This past year has been really interesting on the loyalty program front. As the economy has started to recover and hotel occupancy and flight loads are back to pre-recession levels, the economics of loyalty programs have changed a bit.
Early this year we saw a huge devaluation on the hotel loyalty program front, while airline programs haven’t actually been devalued much over the past year. That’s because the economics of the programs work differently. During the recession most hotel loyalty programs introduced “no blackout dates” as a selling point of their programs, and that worked great at the time since hotel occupancy was extremely low during the recession, and the marginal cost of filling an extra room was very low.
But keep in mind that hotel chains run the hotel loyalty programs, while the individual hotels are typically franchises, and both have their own best interests in mind. Hotel loyalty programs want to make their loyalty programs as profitable as possible, while the hotels themselves want to make their individual properties as profitable as possible.
As a result, the arrangement that most hotels have with their loyalty programs is that if hotel occupancy is above a certain number (usually 90-95%) then the loyalty program has to reimburse the hotel at the average daily rate for an award reservation, while if it’s below that “magic number” they reimburse the hotel just slightly above the marginal cost.
As such, during the recession the hotel loyalty programs were typically only paying slightly above the marginal cost for award redemptions, while post-recession they’re often reimbursing the hotel at the exponentially more expensive average daily rate.
While it’s frustrating as a consumer, I think that explains why this year was so bad on the hotel loyalty program front.
That brings us to airlines. Interestingly we haven’t seen any huge airline award chart devaluations among legacy carriers in a while. That’s probably because even though the economy has recovered and airlines are turning a profit, for the most part airline award tickets are capacity controlled, so it really doesn’t matter how full the flights are, because the airlines have direct control over how many miles consumers can redeem. And we’ve noticed that lately, as award space is more or less at an all time low.
Delta SkyMiles led the pack a couple of months ago by announcing they’d be increasing international business class award costs as of next June, with award prices going up pretty substantially in many markets. For example, business class from the US to Europe goes from 100,000 miles roundtrip in business class to 125,000 miles roundtrip in business class.
But we haven’t heard a peep from American, United, or US Airways, and it has been a couple of years since they’ve made any major changes to their award charts. So my prediction is that in the next year all three airlines will announce award chart devaluations, though timing depends on a few factors.
With American AAdvantage and US Airways Dividend Miles it depends on whether the merger falls through or not. There’s no way they’ll devalue their award charts ahead of a merger decision, for a couple of reasons:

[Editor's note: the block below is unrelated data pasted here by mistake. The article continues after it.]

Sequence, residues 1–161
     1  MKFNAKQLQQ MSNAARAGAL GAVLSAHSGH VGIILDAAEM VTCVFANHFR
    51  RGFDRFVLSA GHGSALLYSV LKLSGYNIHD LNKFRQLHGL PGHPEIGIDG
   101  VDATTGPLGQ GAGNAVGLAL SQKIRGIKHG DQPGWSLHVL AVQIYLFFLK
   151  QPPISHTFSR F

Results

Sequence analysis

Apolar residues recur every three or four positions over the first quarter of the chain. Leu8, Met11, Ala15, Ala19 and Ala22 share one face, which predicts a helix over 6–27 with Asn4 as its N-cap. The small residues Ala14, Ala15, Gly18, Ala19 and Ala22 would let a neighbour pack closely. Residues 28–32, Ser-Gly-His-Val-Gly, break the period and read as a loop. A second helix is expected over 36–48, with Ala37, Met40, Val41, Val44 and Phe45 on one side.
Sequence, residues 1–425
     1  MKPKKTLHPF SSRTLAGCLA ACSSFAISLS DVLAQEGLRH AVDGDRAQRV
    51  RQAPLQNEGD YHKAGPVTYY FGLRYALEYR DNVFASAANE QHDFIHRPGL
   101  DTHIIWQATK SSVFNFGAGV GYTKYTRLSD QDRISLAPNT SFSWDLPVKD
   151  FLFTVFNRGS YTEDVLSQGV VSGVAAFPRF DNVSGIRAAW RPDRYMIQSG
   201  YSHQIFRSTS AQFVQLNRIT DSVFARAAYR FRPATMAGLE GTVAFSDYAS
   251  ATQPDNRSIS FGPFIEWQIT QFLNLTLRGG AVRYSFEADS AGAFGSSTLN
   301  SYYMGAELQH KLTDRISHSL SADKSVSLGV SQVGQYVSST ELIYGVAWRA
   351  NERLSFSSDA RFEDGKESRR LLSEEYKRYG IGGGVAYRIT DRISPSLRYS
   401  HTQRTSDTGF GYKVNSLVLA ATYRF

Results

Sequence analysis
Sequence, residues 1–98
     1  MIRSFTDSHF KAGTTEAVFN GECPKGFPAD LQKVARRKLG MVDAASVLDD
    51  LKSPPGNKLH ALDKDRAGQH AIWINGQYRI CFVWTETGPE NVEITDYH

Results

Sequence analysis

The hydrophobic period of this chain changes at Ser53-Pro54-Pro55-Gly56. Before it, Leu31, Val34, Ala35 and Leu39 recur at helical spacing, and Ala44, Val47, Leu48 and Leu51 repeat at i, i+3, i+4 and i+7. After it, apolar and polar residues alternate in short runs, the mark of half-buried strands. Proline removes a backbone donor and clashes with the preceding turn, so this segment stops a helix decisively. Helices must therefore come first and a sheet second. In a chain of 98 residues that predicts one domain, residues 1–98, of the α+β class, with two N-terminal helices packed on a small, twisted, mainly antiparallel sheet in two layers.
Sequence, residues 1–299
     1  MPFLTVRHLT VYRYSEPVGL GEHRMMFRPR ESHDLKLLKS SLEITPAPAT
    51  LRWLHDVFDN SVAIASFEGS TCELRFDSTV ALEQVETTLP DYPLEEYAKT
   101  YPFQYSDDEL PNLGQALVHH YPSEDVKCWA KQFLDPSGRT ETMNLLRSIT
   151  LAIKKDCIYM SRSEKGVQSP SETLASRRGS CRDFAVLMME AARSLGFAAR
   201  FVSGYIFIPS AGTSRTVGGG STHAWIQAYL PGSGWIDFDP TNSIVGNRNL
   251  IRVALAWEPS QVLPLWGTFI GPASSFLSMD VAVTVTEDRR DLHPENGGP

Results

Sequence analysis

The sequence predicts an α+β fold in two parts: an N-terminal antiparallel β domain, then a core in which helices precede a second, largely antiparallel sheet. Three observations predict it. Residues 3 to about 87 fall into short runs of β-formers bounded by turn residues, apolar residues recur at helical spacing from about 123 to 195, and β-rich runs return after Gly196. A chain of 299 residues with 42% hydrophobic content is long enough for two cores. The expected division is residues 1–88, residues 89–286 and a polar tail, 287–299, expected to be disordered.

- During a merger they have bigger fish to fry than making adjustments to an award chart, so if the merger does go through I’d expect to see a combined chart with higher pricing, though that probably won’t be for a while.
- Right now the merger is still in limbo, though, and one reason they won’t do anything is because the Department of Justice already thinks the airlines have it too good, and raising award costs will only further strengthen the DOJ argument.
- If the merger does go through, I suspect we still have a while before any devaluation, since it’ll probably only happen once the frequent flyer programs combine.
- If the merger does not go through I’d expect both airlines to announce devaluations shortly after merger negotiations break down.
As far as United MileagePlus is concerned, my guess is that they’ll announce a mild devaluation late this year or early next year, mostly matching Delta’s award costs. I expect domestic and most coach award redemption costs to remain the same (this way they can claim that changes only impact a small percentage of those redeeming miles).
But for all three carriers – American, United, and US Airways – I expect that any award chart changes will more or less just be the carriers matching one another at their highest redemption costs in a given market. For example, Delta will charge 125,000 miles to Europe in business class and 160,000 miles to Australia in business class as of next June, so I expect the other carriers to have similar pricing.
I’ve said it before and I’ll say it again – miles are amazingly useful but are horrible investments. It’s like having a frequently inflated currency sitting in a bank account not accruing any interest. Always earn and burn, and make sure to diversify your miles and points!
What do you guys think about potential devaluations? Think they’re coming or not?